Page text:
US federal law sets the national minimum wage at $7.25/hour, a number that hasn't budged for a decade and is in part responsible for the nation's wage stagnation, which has seen working peoples' earnings falling in real terms, while productivity grew, the stock market surged, and the richest grew much, much richer.
The fundamental injustice of this system has buoyed movements like Fight for 15, which advocated a $15/hour minimum wage. But Fight for 15 has been thwarted by massive corporate lobbying by the likes of the US Chamber of Commerce and McDonald's restaurants, who have thrown everything they have at suppressing wage increases at both the national and state level (though some states have managed to overcome their resistance).
McDonald's has now announced that it will drop its lobbying efforts against minimum wage hikes, after years of strikes and action that connected the struggle for a living wage to the #MeToo movement and widespread patterns of sexual harassment and assault in McDonald's restaurants. The move represents a break with the powerful National Restaurants Association lobby group, which fought against 30 state-level minimum wage bills.
The Chamber of Commerce has also said that it will not block minimum wage increases on principal any longer, though it has said that it would lobby against a national $15/hour minimum wage.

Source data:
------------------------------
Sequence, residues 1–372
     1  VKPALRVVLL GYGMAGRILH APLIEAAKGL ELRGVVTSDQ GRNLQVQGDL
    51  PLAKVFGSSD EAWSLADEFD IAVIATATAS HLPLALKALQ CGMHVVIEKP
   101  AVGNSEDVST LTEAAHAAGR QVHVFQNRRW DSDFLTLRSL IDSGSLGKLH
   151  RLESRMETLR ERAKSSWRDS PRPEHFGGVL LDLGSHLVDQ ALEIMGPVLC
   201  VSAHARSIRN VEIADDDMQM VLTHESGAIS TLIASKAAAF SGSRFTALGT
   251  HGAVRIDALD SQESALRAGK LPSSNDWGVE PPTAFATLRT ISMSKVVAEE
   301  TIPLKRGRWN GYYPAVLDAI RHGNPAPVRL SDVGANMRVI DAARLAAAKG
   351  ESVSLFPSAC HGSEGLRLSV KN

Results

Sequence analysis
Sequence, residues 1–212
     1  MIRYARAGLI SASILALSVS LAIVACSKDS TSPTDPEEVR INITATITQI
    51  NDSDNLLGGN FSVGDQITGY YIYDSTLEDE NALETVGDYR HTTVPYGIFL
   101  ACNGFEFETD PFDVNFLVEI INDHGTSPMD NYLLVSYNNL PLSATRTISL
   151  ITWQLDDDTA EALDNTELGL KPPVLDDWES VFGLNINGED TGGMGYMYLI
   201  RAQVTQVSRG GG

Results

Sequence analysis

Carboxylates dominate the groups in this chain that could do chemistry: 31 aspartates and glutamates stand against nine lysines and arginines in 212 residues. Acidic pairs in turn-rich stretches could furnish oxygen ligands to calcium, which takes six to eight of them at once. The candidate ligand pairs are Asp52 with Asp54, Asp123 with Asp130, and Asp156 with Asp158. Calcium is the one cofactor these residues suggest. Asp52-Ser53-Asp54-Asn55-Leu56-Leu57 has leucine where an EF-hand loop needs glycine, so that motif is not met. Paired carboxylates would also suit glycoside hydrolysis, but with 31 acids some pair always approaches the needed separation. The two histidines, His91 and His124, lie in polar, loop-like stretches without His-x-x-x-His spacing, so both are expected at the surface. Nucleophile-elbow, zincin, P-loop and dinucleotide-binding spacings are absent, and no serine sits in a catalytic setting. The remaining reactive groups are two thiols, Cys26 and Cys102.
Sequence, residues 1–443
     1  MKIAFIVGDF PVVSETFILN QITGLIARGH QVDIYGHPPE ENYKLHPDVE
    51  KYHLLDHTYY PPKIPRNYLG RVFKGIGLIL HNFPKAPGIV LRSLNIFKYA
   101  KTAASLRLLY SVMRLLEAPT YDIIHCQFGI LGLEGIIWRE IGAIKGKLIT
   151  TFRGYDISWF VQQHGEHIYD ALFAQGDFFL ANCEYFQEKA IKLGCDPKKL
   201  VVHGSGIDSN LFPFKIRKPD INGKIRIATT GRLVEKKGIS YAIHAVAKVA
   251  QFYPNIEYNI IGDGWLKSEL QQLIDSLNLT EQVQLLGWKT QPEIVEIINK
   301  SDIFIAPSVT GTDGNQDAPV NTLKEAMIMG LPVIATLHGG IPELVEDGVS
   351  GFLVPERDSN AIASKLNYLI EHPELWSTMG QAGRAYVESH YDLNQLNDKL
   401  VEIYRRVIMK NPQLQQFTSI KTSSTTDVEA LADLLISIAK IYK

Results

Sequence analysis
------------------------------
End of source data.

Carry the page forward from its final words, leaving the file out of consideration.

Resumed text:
McDonald's is facing potentially costly action from a National Labor Relations Board suit that seeks to hold the company responsible for some of the labor abuses committed by its franchisees.
Progressives in the new Democratic Congress are seeking to introduce legislation to increase the national minimum wage, but the Democratic caucus is split, with "red state" Democrats fighting against the measure. McDonald's announcement may help the party find unity on the issue.
Unions backing the Fight for $15 movement were jubilant at McDonald's reversal. "By sticking together and taking action on the job, courageous workers in the Fight for $15 and a Union have forced McDonald's — the second-biggest employer in the world — to drop its relentless opposition to higher pay," SEIU President Mary Kay Henry said in a written statement.
But Henry said the union isn't done applying pressure to the company. "Now McDonald's needs to use its profits and power to give thousands of cooks and cashiers across the country a real shot at the middle class by raising pay to $15 an hour and respecting its workers' right to a union," she said.
Exclusive: McDonald's halts lobbying against minimum wage hikes [Rebecca Rainey/Politico]
(via Naked Capitalism)
(Image: Tony Fischer, CC-BY)